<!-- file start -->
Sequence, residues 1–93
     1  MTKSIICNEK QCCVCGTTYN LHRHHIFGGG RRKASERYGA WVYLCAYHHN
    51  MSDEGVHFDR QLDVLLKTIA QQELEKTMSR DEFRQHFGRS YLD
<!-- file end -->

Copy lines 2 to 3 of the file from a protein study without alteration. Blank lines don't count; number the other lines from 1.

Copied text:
     1  MTKSIICNEK QCCVCGTTYN LHRHHIFGGG RRKASERYGA WVYLCAYHHN
    51  MSDEGVHFDR QLDVLLKTIA QQELEKTMSR DEFRQHFGRS YLD